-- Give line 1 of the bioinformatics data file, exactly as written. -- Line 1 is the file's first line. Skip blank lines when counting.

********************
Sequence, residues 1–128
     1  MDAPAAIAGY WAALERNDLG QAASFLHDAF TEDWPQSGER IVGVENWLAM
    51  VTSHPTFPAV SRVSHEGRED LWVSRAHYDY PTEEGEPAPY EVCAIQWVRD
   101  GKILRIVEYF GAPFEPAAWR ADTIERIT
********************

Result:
Sequence, residues 1–128